3. a “standard” ballot language test adopted from a recent Texas Supreme Court opinion; and
  4. mandatory posting of information on a city’s website.

The League will continue to monitor and report on the interim activities of the committees.

TCEQ Finally Approves “Return Flows” Permit

On September 16, the State Office of Administrative Hearings (SOAH), acting for the Texas Commission on Environmental Quality (TCEQ), approved an amended water right permit application by the Brazos River Authority (BRA).  The approval resolves ambiguity on “return flows,” such as treated wastewater. Once discharged into a state river, return flows are subject to appropriation by others. However, appropriative rights in the return flows of others can be later reduced or terminated once the discharger directly reuses or obtains an indirect reuse bed and banks authorization under the Texas Water Code.

The application for the water right permit was originally filed by BRA in 2004. The permit was contested by a variety of groups, including affected cities that claimed legal rights to their return flows discharged into the Brazos River from wastewater treatment plants. The lengthy procedural history involves contested case hearings at SOAH on the original permit, as well as the various amended versions. 

Of interest to cities, BRA’s permit authorizes: (1) the appropriation of current return flows discharged by others once they are discharged into a watercourse; and (2) a bed and banks authorization for return flows originating from BRA’s supplies or discharged from BRA wastewater treatment plants. In their opinion, administrative law judges determined that BRA demonstrated its own indirect reuse return flows were available for appropriation. Thus, a permit can authorize these indirect reuse return flows as a bed and banks conveyance and a new appropriative right.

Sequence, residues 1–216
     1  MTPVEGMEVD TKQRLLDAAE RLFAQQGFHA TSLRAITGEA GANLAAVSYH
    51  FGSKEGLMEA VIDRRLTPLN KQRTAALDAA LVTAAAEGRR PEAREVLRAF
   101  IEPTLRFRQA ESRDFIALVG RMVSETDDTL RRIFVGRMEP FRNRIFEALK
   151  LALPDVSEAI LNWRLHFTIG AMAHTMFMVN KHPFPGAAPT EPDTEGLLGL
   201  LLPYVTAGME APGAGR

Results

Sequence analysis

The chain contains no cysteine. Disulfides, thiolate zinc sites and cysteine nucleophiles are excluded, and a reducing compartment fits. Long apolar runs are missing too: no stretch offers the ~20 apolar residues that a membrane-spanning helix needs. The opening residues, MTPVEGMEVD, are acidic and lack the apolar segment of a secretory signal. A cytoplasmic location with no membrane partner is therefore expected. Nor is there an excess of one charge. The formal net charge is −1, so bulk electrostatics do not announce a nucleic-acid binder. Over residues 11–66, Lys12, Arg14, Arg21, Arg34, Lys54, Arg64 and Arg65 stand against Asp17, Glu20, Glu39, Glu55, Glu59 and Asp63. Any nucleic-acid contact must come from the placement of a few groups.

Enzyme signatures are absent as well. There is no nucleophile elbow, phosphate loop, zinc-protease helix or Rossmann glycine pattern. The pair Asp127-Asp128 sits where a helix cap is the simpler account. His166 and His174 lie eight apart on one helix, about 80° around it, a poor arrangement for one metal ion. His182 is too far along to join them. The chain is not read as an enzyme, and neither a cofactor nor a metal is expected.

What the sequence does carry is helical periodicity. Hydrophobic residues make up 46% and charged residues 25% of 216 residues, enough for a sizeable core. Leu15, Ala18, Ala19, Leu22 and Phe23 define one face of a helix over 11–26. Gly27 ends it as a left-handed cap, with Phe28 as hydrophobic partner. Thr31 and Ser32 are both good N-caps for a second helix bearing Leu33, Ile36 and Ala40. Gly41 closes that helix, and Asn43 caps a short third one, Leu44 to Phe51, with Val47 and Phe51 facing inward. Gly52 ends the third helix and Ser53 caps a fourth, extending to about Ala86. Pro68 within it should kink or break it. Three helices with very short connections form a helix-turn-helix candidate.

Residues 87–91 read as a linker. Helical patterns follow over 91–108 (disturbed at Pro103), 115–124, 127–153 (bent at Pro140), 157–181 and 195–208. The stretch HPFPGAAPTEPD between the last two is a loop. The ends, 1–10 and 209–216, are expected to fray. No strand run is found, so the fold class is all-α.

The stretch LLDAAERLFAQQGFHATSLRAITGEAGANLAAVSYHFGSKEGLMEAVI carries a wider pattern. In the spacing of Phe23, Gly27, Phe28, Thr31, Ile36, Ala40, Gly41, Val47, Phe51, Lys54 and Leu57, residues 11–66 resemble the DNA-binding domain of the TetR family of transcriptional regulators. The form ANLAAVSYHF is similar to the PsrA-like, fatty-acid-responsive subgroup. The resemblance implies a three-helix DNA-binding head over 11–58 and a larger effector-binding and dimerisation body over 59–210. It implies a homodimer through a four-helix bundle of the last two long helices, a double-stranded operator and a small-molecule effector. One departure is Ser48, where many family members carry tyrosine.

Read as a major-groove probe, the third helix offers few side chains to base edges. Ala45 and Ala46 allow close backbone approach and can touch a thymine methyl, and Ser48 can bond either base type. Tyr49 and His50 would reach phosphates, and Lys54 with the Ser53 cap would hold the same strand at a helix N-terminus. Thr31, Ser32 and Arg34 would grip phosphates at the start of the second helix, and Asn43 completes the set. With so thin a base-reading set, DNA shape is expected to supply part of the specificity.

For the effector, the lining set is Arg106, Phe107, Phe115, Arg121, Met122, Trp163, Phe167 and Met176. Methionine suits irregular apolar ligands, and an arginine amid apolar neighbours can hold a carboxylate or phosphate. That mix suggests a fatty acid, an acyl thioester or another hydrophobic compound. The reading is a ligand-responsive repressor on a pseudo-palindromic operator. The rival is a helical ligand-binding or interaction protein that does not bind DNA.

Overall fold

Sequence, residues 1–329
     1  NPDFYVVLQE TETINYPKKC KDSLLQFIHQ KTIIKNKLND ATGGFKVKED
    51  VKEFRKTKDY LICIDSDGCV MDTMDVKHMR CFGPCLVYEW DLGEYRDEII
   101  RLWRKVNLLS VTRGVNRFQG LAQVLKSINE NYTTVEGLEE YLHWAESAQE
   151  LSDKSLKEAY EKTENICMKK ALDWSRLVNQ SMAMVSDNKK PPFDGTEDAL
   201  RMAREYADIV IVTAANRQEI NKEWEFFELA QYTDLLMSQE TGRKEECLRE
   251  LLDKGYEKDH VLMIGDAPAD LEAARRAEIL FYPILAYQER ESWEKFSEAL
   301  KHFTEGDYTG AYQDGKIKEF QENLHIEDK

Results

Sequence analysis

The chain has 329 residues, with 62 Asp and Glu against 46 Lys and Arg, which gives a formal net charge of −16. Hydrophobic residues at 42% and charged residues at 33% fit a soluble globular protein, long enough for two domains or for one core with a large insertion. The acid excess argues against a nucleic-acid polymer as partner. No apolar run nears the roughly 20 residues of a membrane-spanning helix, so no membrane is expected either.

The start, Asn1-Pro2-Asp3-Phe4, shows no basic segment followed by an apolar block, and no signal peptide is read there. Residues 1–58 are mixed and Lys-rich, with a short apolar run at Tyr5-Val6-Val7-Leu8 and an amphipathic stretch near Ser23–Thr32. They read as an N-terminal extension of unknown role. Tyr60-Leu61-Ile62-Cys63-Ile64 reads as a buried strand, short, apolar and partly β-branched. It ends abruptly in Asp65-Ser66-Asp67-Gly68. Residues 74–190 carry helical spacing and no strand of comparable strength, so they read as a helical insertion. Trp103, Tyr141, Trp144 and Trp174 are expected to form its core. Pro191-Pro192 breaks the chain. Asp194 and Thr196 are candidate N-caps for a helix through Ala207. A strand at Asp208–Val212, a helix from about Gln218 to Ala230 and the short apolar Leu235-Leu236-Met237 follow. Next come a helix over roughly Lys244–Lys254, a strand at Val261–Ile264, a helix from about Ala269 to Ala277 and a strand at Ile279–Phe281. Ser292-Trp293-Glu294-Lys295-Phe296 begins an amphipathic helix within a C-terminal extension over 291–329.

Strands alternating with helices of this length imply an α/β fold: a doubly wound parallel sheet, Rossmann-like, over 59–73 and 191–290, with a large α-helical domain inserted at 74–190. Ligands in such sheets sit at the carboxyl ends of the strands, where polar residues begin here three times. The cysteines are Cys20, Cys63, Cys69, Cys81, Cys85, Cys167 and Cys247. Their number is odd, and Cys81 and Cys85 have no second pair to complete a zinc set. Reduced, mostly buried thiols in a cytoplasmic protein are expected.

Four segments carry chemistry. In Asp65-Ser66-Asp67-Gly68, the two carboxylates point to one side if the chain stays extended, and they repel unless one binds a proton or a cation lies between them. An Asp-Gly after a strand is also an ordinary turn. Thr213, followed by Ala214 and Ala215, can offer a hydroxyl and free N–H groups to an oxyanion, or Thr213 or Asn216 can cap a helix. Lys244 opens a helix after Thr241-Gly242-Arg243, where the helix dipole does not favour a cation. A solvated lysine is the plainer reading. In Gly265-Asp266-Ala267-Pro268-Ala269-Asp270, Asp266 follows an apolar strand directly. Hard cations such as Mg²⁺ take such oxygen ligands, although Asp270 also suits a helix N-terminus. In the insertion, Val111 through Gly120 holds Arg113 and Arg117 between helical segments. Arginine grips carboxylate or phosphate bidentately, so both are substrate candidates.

Municipal Court Week  

The week of November 7-11, 2016 is “Municipal Court Week” in Texas.  To celebrate, the Texas Municipal Courts Education Center (TMCEC), in collaboration with stakeholders across the state, has prepared a model resolution (DOC) for city councils that wish to publicly demonstrate their recognition of the importance of municipal courts, the rule of law, and the fair and impartial administration of justice.  View more information from TMCEC.  

Payday Lending Clearinghouse Updates  

The League’s “Payday Lending Clearinghouse” webpage, includes information related to the regulation of payday and auto title lenders. It is updated from time-to-time to reflect recent developments. Interested city officials should note that the Texas Municipal League signed on to the comment letter of Texas Fair Lending Alliance to the Consumer Financial Protection Bureau (CFPB).  The Fair Lending Alliance is a coalition of religious, charitable, and civic groups that seek to end the cycle of debt caused by payday and auto title lending.  The letter supports the CFPB proposed payday and auto title lending rules, and it seeks clarification that local ordinances are not preempted.  


TML member cities may use the material herein for any purpose. No other person or entity may reproduce, duplicate, or distribute any part of this document without the written authorization of the Texas Municipal League.